Blazing saddles and splitting side

Dark laughs and gun fights abound at ‘Flaming Guns of the Purple Sage’

Matt Graham

There’s good guys and there’s bad guys.”

Such is the favorite saying of Rob Bob, the rodeo rider/romantic lead in “Flaming Guns of the Purple Sage.”

But while the John Wayne fanatic makes this known several times throughout the play, Jane Martin’s script subtly subverts the Western notions of black and white – subtle, because the audience will be too busy laughing to pay much attention to its philosophical questioning of just who the good guy is and who the bad guy is.

The play takes place in the kitchen of Big 8 (Karen Weise-Thompson), a rodeo star past her glory days. Big 8 now heals injured cowboys in exchange for their, ahem, masculine services – her latest patient, the less-than-brilliant Rob Bob (Josh Jabas).

One night the punked-out, pink-haired Shedevil (Rachel Finch) shows up claiming she’s pregnant with Big 8’s grandchild. Not only that, but she’s on the run from her pissed-off biker boyfriend (who’s not the baby’s daddy), Black Dog (Bob Malos).

Rob Bob immediately sees Shedevil as his leading lady in need of rescue. When Black Dog shows up, Rob Bob decides to showcase his heroism the classic cowboy way, with a showdown.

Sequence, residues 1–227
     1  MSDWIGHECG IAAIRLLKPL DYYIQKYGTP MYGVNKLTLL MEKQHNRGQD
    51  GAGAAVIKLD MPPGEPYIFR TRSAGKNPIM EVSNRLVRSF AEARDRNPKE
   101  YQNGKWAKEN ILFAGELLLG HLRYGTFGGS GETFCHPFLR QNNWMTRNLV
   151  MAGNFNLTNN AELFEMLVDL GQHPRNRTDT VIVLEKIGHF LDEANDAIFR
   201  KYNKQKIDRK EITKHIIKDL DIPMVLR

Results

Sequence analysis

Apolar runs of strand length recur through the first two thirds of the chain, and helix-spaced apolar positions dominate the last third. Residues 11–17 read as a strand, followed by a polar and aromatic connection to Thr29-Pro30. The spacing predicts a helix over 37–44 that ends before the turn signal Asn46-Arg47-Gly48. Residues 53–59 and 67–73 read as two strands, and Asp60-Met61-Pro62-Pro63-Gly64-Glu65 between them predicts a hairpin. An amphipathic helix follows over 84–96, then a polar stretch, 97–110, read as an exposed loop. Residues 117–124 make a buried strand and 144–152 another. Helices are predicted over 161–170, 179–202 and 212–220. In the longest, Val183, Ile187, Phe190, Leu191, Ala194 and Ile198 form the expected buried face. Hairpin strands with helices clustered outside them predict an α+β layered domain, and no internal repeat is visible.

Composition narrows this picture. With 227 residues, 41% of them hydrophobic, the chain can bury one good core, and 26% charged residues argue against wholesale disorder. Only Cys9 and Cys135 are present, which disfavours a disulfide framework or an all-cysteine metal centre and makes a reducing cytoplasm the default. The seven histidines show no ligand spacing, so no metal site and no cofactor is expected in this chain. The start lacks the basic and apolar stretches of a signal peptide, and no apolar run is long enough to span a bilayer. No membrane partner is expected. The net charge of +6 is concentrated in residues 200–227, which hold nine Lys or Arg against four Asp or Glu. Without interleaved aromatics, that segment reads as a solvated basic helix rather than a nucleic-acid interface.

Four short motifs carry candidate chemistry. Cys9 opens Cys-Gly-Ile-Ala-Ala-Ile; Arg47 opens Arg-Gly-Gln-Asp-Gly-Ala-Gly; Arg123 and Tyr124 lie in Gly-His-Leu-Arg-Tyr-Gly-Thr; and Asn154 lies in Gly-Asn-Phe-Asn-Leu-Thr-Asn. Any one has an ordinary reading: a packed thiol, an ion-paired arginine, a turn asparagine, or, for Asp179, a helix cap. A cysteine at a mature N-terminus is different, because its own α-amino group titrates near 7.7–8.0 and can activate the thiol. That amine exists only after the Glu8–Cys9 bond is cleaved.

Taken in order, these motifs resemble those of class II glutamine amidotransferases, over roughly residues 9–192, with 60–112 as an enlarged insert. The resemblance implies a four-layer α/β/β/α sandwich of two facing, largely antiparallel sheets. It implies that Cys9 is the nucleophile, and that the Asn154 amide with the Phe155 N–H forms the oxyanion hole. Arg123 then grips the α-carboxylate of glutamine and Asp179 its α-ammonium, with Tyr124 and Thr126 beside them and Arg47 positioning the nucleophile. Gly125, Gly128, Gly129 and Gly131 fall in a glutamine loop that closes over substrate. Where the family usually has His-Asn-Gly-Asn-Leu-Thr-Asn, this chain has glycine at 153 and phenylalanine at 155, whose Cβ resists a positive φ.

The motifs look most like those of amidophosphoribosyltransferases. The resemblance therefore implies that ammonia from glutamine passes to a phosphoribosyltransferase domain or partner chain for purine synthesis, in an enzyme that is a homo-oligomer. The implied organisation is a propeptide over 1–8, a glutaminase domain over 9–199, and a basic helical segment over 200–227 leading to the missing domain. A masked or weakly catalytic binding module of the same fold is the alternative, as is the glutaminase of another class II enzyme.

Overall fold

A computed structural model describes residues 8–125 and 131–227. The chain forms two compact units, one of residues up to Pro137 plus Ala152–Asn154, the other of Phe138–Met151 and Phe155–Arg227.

The highlight of the production is Weise-Thompson’s performance as Big 8 with her booming voice, perfect Southern drawl and deft timing. Her tough-as-nails cowgirl often seems like the only sane character on stage, and it’s her authority that holds the whole play together.

Jabas also does a great job as Rob Bob – notably in an early scene that calls for him to stand amid the area theater in nothing more than a jockstrap. Now that’s bravery.

It’s Martin’s script, though, that truly makes the play. Her artistry lies in her ability to deal with philosophical subtleties without beating the audience over the head with them, and the script never gets sidetracked from its sidesplitting combination of witty Southernisms (“You raised him up so stupid he couldn’t roll a rock down a steep hill!”) and dark, wacky action that keep the plot rolling.

Rather than preach at length on good and evil, the script shows characters who appear on the surface to be one or the other and act like neither.

In the end, the characters are so likeable and responsible for so many laughs that it’s hard to care that they’re all liars, thieves, murderers and/or conspirators. All that really matters is that they’re funny.

There’s good plays and there’s bad plays. This is a good one.